I do a lot of reading on the internet. In fact the vast majority of my reading I do online. Downloaded books, magazines I subscribe too, even my daily edition of the Times, all delivered to my Nexus. It is rare, therefore, that I read something that makes me sit up and think, and then burst into tears.
Yesterday, however, I did just that.
Over a blog post that was linked to in a Tweet. Written by somebody I have never heard of before. Do go and read it but please come back. I will wait for you: When your mother says she is fat
Now this is not an article I empathise with because it was my childhood, far from it. My mum has an enviable figure (she doesn’t stand still long enough for fat to stick to her) so it is not how I feel about my mum. But I can imagine my children thinking it. And I can see many other people saying it of their own mothers. I can see my own children having written it.
It is a truly powerful post.
I wish Samantha Brick could read it. Especially this bit:
I learned that women must be thin to be valid and worthy. Girls must go without because their greatest contribution to the world is their physical beauty
When did that happen? When did we start judging people so heavily on their appearance? And when did we start hating ourselves so much?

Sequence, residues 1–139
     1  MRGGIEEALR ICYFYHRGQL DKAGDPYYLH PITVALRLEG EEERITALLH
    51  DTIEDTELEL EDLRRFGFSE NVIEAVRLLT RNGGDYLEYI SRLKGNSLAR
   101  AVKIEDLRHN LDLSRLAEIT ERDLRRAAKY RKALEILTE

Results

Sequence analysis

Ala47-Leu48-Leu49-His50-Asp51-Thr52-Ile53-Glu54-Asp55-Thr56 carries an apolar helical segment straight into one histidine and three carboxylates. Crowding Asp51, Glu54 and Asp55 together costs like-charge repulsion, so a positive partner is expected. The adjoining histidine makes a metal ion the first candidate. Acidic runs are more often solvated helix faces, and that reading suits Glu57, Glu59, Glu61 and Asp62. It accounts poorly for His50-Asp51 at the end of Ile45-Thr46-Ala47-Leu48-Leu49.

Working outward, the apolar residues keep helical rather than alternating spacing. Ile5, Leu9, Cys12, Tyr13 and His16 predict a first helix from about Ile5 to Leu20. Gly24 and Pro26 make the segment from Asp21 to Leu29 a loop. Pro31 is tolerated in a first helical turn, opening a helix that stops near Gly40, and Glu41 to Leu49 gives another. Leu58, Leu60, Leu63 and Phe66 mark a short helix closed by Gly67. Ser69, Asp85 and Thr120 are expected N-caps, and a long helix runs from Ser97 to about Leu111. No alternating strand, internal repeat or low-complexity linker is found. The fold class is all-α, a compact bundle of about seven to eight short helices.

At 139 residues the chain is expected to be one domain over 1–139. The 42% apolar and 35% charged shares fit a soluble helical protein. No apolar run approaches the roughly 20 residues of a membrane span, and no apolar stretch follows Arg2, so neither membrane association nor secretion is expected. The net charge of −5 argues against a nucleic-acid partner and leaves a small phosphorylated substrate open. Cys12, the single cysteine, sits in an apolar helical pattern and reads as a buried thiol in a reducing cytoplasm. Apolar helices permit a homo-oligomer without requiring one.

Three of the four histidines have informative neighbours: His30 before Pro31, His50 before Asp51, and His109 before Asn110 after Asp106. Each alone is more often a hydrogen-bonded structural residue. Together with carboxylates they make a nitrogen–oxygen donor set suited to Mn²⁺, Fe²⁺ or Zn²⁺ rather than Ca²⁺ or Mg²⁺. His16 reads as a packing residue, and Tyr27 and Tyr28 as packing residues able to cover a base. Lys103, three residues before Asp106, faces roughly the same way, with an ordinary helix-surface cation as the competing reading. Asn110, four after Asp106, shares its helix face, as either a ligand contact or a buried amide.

I ran a bit of a “no scientific basis” experiment yesterday by asking friends to describe first of all, themselves in one word. There were many adjectives used, including:
busy / content / talkative / complicated / stressed / mum / underestimated / knackered / forgetful / worthless / unstable / chunky / needy / useless / stressy.
Then I asked that group of friends to describe one other friend in a single word:
feisty / reassuring / gorgeous / talented / huggable / fun / lovely / strong / kind / awesome / clever / supportive / caring / epic / inspiring / warm.
Not one negative in that second list. Not one of those words referring to body shape. Why is that?
Why are we so quick to highlight the negative in ourselves when that is just not how others see us?
As parents what does this say to our children when we use such negative terms towards ourselves, even if in a jokey way. I often joke about being fat.